[TRIGGER WARNING: SEXUAL HARASSMENT]
File this under "Not Even a Little Surprised But Eager to Shove Into Some Choice Faces."
You Won't Believe How Many Women in Tech Say They've Faced Sexual Harassment
Oh yes I will.
A whopping 60% of the women who participated reported experiencing unwanted sexual advances. Of those, 65% said that at least one advance came from a superior. One woman reported that the first time she traveled with a new CEO, he propositioned her. After she turned him down, she was never asked to travel with him again. “This impacted my ability to do my job,” she writes.
Many women—39%—said they did not report the harassment, fearing that it would hurt their careers. Of those who did report it, 60% were unsatisfied by the result.
That actually does not seem whopping to me. I'm guessing they only included explicit sexual advances, not including the numerous suspect comments, awkward flirting that men pretend is a joke, violating personal space, and general sniffing around us constantly.
Women report being left out of career-advancing opportunities: 66% said they’re excluded from important social and/or networking events. Nine out of 10 respondents said they’ve seen sexist behavior at conferences and company offsites. An example: One women said she was taken to Hooters for lunch. She also reported that a male manager had ordered only beer to drink at an offsite she attended while pregnant.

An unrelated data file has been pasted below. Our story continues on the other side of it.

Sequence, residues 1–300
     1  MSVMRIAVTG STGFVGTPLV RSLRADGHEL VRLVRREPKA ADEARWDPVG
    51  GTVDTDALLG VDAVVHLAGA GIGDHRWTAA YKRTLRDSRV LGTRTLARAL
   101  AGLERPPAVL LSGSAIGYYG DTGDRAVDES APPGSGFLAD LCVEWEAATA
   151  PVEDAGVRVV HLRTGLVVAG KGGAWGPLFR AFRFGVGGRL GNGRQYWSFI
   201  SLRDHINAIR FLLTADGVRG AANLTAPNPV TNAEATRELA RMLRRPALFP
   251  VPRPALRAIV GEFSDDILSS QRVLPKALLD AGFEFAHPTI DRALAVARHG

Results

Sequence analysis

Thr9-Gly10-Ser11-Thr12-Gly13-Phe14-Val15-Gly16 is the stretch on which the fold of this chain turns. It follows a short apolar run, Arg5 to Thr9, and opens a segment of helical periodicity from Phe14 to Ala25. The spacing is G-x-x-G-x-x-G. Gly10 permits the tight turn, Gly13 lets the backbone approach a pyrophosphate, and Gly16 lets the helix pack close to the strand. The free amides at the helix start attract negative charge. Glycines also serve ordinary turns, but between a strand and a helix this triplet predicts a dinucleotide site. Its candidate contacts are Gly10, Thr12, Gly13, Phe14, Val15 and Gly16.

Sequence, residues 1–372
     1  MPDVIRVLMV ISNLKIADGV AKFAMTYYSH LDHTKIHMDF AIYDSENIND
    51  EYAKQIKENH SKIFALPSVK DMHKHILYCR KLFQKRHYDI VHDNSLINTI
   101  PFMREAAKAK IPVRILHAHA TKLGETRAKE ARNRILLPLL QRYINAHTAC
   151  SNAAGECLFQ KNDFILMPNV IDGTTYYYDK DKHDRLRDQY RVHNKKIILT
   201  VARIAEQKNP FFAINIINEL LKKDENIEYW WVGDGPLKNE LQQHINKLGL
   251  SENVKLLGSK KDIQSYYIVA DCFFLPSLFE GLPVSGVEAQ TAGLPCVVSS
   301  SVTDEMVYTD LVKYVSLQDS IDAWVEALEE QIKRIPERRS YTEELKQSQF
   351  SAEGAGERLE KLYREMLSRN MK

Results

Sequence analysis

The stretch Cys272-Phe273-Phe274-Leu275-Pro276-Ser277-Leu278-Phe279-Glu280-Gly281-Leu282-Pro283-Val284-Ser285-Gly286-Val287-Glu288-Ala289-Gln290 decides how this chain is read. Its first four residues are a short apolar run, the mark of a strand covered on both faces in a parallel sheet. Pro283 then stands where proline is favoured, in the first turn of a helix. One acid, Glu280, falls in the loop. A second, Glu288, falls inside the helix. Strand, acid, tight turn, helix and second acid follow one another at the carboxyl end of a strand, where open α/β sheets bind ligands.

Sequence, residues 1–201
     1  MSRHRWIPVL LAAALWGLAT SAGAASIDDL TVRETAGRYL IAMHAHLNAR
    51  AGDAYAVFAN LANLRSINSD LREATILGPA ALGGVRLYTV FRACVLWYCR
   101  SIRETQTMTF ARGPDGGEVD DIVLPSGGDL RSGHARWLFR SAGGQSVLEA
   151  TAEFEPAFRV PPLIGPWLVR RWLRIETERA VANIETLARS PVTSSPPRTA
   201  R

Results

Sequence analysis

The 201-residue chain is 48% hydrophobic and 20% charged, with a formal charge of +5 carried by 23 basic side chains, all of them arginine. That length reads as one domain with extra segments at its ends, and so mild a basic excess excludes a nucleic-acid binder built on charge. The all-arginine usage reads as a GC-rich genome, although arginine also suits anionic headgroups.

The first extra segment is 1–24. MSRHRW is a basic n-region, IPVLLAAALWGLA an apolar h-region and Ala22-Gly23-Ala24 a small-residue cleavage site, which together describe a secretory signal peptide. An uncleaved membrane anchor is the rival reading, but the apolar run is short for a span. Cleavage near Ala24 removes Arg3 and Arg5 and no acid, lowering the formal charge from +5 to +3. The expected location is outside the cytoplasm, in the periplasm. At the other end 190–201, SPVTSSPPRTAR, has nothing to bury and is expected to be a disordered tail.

Nine out of ten experiencing sexism, also not at all surprising.
The numbers around unconscious bias are particularly high: 88% of those responding said they’ve watched a client or co-worker ask a male colleague a question that should have been addressed to them. More than 80% said that they’ve dealt with demeaning comments from male colleagues—or have encountered a client or co-worker who made eye contact with male colleagues but not with them.
I don't think those are as "unconscious" as you think they are, Fortune Magazine.
Oh, and I just loooooove the ending.
So, what can be done?
“We think that just getting the story out there and letting people know how prevalent these behaviors are will spur the conversation,” Madansky told Swisher.
Yeah, women and feminists have been talking about this literally for decades. And not much has changed. Maybe, just maybe, it's time for men to take some actual proactive steps to address this shit?
Keep in mind, this is just from coworkers. If you're visible to the public, for example, if you're a writer, you can pretty much 100% expect harassment from people outside the company.